The wire filament.
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How do X-rays work?
In X-rays machine electrons are produced by the cathode, which is heated by a filament inside an efacuated tube (A vaccum tube), which accelerates electrons toward the anode, emeded in the anode is a tungsten target which converts some pe into x-rays
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Why do X-rays work in a vaccum?
This is because there are no molecules to scatter adn absorb the neerfy of electrons striking at a target.
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What does l stand for in the current calculation, and what is it measured in.
Current, and ampere, A.
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What does N stand for in the current calculation, and what is it measure in.
The number of particles per seconds 1/s.
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What does q stand for in the current calculation, and what is it measure in?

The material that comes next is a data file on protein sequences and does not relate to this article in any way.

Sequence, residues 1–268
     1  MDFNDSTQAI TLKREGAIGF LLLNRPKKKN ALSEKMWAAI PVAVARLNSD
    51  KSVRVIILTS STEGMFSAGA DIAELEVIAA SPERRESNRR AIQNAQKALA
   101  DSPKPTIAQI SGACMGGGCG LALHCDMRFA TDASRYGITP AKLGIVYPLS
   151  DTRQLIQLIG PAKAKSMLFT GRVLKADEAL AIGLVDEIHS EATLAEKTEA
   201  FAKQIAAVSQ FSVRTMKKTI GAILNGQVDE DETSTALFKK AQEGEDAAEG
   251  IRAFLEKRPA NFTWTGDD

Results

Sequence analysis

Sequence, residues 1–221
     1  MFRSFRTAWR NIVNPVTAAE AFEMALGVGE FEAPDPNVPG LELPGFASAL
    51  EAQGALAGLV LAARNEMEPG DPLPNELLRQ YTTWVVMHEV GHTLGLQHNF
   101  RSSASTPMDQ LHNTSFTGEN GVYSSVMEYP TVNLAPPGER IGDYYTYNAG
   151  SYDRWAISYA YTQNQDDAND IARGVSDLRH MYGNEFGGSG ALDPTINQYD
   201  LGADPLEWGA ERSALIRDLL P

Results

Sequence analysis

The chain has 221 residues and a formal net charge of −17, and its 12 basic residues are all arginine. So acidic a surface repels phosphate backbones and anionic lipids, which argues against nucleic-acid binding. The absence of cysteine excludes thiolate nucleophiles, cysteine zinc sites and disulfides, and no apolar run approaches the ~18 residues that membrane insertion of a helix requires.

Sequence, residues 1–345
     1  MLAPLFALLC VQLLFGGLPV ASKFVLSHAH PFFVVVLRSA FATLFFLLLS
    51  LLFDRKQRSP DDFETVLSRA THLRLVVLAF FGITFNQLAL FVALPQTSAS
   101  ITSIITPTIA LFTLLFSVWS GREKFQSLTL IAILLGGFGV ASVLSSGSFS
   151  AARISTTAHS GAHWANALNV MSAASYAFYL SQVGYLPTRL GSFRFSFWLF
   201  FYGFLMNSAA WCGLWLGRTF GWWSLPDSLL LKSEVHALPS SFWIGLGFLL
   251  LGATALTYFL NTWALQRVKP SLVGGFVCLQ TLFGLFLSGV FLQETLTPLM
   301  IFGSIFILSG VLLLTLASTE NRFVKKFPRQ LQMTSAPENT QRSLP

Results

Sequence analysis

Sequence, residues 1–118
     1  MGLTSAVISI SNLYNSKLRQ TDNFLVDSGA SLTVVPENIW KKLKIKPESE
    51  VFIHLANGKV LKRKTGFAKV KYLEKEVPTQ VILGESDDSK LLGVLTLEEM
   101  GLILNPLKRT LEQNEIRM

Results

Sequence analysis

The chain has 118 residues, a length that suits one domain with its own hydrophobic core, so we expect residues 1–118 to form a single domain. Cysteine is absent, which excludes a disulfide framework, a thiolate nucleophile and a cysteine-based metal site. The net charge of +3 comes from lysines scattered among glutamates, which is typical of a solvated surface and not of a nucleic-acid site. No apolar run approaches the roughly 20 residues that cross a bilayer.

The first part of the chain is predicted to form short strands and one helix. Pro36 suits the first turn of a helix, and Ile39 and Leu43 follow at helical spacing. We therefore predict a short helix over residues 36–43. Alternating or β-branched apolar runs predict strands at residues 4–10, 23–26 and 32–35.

It is the charge carried by each electron, coulomb ,C.
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What is the relevance of kinetic energy in X-Rays?
In an X-ray electrons gain kinetic energy as they are accelerated throguh the vaccum by the pottenital difference.
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What is the unit for pottential difference?
Volts, V.
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What is kinetic energy measured in?
Joules, J.
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What is the mass of electrons measured in?
Kg.
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What is velocity measured in?
m/s
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At twice the distance fromt he source what is the intensity?
The intensity is one quarter as much because the area is four times great.
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Risks and benefits of X-rays.